The team went with Grumman F9F Panthers instead, and relegated the Cutlass F7U-1 to the two soloists, Feightner and Lieutenant Mac MacKnight.
While the Panthers were grounded for fuel control problems in the spring of 1952, Feightner, in a blue and gold Cutlass, made his Blue Angels airshow debut, flying a one-man show for VIPs in Pensacola, Florida. “I rolled down there, hit the afterburner, and headed straight up,” he says. “We didn’t have any other airplane that could do that in those days. I just started to climb, then I lost the hydraulics. You couldn’t eject until you got to 1,500 feet, and I topped out at 1,100, then headed straight down. I have the stick [full aft] and nothing is happening. The ground is getting bigger and all of a sudden everything hooks up again and the airplane goes nur-ooop. So now I’m flying—but there is a row of trees at the end of the runway. I couldn’t get over them so I just picked out a space between two trees and carved a hole through them.” Streaming hydraulic fluid and wood pulp, Feightner wrestled the Cutlass onto the runway and even managed to taxi up to the crowd.
“There is dead silence. They saw me hit the trees and knew I had a big emergency. Everybody is waiting to see what would happen. I get out and step off and a big cheer went up. Admiral Price comes over and says, ‘Man, that was a real airshow.’ ”
Feightner and MacKnight flew the Cutlasses almost daily. They endured hydraulic system and landing gear failures, inflight engine fires, and, on one occasion, pieces of landing gear doors falling onto a grandstand, miraculously missing everyone. By June, the Panthers had returned to flight, and the Cutlass solos were cut.
None of the 14 F7U-1s built between 1950 and ’52 made it to squadron service. But there was a new F7U in the offing. Improvements included new engines, a longer, thicker, and sturdier airframe almost a third larger than the original, and additional access panels for easier maintenance. On December 20, 1951, the F7U-3 made its first flight.
“Our job was to test the Cutlass,” wrote F7U Navy test pilot—later astronaut—Wally Schirra in his autobiography, Schirra’s Space. “The company soon became Chancy Vought to us, for in our judgment the Cutlass was an accident looking for a place to happen, a widow maker.”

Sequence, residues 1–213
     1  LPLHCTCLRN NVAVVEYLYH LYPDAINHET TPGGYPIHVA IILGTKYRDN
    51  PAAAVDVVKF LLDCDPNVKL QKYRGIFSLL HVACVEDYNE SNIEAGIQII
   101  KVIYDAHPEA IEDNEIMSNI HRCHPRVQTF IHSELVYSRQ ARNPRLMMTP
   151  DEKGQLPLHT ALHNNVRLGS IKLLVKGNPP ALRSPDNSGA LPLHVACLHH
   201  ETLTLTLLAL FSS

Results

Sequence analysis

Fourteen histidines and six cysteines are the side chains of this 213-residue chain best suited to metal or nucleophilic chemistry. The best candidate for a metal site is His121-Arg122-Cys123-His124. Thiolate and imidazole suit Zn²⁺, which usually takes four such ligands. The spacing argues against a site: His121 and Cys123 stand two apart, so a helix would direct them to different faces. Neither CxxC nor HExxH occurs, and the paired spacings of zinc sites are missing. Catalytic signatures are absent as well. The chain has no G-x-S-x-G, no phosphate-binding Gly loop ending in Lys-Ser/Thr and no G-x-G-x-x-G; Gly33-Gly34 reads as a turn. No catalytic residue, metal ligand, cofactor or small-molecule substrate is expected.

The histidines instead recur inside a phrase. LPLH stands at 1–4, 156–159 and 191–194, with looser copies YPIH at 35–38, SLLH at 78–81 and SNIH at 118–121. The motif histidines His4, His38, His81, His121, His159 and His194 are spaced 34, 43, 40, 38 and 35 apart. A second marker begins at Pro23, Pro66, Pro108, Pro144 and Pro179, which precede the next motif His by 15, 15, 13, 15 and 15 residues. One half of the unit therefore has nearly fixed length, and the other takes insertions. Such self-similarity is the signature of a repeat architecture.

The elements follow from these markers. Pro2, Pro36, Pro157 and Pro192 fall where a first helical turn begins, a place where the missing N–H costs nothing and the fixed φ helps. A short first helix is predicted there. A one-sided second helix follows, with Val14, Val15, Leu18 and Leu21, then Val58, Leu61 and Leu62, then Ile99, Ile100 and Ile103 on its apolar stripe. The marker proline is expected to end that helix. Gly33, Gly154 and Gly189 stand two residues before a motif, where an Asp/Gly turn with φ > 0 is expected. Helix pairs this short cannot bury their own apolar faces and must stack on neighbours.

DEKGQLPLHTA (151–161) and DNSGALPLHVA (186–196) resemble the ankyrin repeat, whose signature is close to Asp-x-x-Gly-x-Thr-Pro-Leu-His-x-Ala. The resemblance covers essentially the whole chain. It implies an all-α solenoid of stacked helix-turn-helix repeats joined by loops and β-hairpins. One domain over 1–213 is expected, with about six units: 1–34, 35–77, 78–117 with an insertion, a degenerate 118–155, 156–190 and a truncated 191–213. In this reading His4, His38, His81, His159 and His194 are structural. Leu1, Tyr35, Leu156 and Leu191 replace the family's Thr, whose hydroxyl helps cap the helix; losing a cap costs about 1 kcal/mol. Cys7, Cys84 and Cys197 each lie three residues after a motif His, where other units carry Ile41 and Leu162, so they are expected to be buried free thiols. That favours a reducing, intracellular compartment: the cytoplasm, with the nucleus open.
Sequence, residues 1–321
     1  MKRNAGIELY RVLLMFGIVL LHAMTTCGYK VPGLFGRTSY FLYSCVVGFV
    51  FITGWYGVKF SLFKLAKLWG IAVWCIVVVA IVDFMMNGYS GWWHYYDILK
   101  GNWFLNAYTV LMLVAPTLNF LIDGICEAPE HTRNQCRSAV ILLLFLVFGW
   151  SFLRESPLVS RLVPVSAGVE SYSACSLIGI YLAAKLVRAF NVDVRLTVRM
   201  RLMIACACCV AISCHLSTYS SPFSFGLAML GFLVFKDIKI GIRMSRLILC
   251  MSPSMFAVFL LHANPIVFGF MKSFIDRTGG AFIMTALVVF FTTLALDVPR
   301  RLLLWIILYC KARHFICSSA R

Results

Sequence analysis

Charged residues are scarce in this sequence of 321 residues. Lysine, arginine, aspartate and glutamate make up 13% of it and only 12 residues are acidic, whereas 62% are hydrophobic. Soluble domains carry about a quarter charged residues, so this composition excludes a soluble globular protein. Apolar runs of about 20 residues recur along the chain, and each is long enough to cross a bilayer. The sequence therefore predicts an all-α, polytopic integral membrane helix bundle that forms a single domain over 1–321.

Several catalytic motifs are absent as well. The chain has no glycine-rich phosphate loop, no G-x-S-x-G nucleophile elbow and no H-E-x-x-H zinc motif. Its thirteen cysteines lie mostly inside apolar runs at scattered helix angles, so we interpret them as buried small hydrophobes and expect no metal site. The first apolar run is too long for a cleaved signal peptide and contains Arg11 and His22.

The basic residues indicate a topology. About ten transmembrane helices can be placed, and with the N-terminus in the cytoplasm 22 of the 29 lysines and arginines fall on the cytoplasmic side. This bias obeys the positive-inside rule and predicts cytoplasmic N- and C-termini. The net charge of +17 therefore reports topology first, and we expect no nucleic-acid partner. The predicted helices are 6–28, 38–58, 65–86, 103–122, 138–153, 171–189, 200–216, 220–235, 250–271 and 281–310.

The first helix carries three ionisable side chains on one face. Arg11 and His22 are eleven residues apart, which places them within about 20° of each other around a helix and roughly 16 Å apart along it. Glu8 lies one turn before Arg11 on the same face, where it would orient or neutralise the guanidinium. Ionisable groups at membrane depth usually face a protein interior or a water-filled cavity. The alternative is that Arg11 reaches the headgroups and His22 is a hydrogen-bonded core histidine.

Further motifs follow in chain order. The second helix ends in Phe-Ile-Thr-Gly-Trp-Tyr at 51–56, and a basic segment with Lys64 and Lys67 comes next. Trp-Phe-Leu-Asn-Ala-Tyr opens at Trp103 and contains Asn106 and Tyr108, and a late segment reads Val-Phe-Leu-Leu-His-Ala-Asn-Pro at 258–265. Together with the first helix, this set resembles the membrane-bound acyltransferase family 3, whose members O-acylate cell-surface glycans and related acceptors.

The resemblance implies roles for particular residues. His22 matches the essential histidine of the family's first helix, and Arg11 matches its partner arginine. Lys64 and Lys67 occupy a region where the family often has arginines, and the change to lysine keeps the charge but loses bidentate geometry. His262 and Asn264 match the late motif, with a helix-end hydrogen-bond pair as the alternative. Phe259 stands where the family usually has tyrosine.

But in some respects, the F7U-3 showed promise. Cutlass drivers found a number of things to praise about their new ride: It was a stable bombing platform, nimble, fun to fly, and, with its strengthened airframe, almost unbreakable. Feightner loved the fighter’s roll rate, which at 570 degrees a second was three times that of most production jets.
The F7U became a staple in hobby shops. Oldsmobile appropriated the name for a 1954 sports coupe. The Cutlass also provided the inspiration for the hood ornament on the 1955 and ’56 Chevrolet Bel Air.
In the spring of 1954, after six years of flight testing, three carrier suitability trials, and almost a decade of development, the first of 13 F7U-3 Cutlass fleet squadrons became operational. Early squadrons found out that the new! improved! Cutlass was also the most complicated to maintain. “I flew around 380 hours in the jet and never once wrote Okay on the [maintenance] sheet,” Feightner says. “There was never nothing wrong with it.”
All high-performance jets of the era—the North American FJ-1 Fury, the Lockheed P-80 Shooting Star, the McDonnell F2H-2 Banshee—had their share of unique incidents and accidents, but the sheer number of high-profile Cutlass misfortunes was tough to beat. Like the time Vought test pilot Paul Thayer ejected from a flaming prototype in front of an airshow crowd on July 7, 1950. Or when Lieutenant Floyd Nugent ejected on July 26, 1954, only to watch the Cutlass, loaded with 2.75-inch rockets, fly serenely on, orbiting San Diego’s North Island and the Hotel Del Coronado for almost 30 minutes before ditching near the shore. When the left engine on Lieutenant Commander Paul Harwell’s Cutlass caught fire moments after takeoff on May 30, 1955, Harwell ejected and never set foot in the F7U again—giving him more time in a Cutlass parachute than in the actual aircraft. An electrical failure forced Tom Quillin to abort a training mission and declare an emergency. Quillin returned to base only to learn he was number three in the emergency landing pattern, behind two of the three other Cutlasses he took off with.